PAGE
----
Family caregivers are so many times in a complete state of caregiver burnout. From a policy perspective, the federal government and the long-term care system in the United State cannot afford to neglect the burnout and strain of millions of Americans caregivers any longer.
Despite the rewards caregivers get from giving care we know from years of research that being a family caregiver results brutal losses. These degradations and deficits include role conflict and overload from the never-ending tasks demanded of a caregiver. Left in a permanent state of worry and anxiety much of the time, caregivers are working in a deteriorating and unpredictable situation.
Caregivers can feel entrapped by there the restrictions on their own life. They are often beset by fiscal worries because they are not paid except in some states, like California under Medicaid. Yet the care-giving situation explodes in cost through medical bills, medical equipment and informal care that must be brought in, if the family can afford it.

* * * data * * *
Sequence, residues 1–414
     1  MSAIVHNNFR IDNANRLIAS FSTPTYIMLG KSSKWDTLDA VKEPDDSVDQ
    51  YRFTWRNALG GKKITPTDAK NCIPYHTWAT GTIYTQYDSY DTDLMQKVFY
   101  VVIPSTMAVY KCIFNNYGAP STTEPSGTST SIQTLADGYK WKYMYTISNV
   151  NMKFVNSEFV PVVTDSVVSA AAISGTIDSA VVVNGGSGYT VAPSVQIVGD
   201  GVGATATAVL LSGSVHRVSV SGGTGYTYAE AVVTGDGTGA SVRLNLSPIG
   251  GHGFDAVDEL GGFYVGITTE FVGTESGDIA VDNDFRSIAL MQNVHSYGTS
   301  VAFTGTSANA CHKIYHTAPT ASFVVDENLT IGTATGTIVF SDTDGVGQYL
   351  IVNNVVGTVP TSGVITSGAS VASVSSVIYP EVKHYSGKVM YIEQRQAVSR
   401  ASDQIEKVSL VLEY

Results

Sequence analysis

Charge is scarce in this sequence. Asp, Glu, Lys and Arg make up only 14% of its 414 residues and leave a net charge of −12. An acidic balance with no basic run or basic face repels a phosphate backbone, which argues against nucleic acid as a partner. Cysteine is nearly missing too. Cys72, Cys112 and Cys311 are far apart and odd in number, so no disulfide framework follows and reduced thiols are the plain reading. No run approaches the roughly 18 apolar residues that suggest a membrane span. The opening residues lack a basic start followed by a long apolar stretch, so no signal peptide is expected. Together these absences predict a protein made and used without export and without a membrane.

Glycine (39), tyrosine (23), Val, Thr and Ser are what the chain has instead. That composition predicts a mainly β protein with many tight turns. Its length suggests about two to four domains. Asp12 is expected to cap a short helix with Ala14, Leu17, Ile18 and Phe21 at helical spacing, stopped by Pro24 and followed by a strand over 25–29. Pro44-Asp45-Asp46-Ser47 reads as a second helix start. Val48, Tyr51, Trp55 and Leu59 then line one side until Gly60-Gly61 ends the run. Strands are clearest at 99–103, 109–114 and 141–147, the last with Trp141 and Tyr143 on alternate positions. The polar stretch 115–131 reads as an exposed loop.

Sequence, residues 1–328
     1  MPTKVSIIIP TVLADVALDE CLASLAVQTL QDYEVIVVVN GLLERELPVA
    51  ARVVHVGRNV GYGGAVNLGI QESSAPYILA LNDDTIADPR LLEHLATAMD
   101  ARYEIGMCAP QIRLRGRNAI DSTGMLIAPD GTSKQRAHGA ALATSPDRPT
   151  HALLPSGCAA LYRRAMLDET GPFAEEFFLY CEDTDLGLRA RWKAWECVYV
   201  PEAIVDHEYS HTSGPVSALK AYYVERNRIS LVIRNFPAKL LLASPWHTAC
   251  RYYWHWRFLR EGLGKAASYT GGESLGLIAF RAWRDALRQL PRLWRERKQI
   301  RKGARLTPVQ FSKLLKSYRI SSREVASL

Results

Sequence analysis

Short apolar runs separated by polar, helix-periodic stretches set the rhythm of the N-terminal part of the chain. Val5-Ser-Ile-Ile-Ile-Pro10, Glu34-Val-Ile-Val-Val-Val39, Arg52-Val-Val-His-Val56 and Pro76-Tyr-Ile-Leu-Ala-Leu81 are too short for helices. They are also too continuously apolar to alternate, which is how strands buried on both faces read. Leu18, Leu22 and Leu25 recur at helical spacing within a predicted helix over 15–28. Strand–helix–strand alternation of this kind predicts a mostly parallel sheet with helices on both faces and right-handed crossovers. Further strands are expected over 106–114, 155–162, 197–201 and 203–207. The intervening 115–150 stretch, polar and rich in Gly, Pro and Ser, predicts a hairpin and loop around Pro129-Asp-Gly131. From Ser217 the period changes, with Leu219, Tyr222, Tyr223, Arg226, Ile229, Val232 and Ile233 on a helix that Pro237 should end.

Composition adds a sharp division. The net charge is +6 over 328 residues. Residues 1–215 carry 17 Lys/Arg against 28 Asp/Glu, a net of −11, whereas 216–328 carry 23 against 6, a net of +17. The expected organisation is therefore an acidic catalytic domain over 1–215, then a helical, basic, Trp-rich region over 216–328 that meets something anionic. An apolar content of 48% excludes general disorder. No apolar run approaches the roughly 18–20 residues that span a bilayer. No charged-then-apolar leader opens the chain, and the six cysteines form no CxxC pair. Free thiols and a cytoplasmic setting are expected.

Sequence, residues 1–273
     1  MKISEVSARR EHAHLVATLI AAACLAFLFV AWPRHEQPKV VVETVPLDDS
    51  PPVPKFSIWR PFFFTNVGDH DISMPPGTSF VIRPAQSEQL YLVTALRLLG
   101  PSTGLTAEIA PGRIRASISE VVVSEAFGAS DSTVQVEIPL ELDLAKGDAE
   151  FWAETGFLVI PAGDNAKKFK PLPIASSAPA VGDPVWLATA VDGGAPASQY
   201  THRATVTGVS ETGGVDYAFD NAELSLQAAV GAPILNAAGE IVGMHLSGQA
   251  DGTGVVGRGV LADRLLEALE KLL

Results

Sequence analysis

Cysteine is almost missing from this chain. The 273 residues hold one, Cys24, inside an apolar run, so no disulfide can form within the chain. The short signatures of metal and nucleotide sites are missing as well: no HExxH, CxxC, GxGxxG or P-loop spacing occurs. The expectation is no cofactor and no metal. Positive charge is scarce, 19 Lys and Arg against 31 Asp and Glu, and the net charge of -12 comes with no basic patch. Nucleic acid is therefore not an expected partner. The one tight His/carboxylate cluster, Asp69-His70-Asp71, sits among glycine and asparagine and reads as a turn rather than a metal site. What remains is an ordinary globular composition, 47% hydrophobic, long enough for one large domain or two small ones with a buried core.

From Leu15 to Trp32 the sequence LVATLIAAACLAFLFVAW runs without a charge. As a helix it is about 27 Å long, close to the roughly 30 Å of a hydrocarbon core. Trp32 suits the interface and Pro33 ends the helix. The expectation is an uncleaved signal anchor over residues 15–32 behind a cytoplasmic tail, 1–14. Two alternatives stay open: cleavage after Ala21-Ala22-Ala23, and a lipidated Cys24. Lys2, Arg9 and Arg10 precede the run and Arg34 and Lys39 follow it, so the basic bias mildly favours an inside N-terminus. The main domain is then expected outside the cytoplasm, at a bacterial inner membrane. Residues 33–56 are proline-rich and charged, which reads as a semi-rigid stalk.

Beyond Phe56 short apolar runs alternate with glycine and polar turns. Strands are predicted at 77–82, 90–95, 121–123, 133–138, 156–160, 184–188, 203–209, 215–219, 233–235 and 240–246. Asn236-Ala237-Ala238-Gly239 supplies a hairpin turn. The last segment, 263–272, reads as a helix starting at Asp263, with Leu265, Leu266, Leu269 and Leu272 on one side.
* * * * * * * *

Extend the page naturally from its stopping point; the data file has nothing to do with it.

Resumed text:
Family caregivers face a quagmire of legal problems including untangling wills, trusts, and inheritance issues which generally complicate care both emotional and physically. Many times these family caregivers compound their fiscal woes by having to quit their job, running the risk of being hired again, if they can eventually return to work. The caregivers own physical and mental health is often ravaged. They have to do medical tasks that years ago family caregivers never had to do. If they were paid by an agency, this would be a workman’s compensation nightmare for the company, yet these family caregiver’s are never even paid. So it is time that geriatric care managers and other professionals in aging started to respond to this family caregiver nightmare and use a caregiver assessment every time they assess an older client tended by a family caregiver.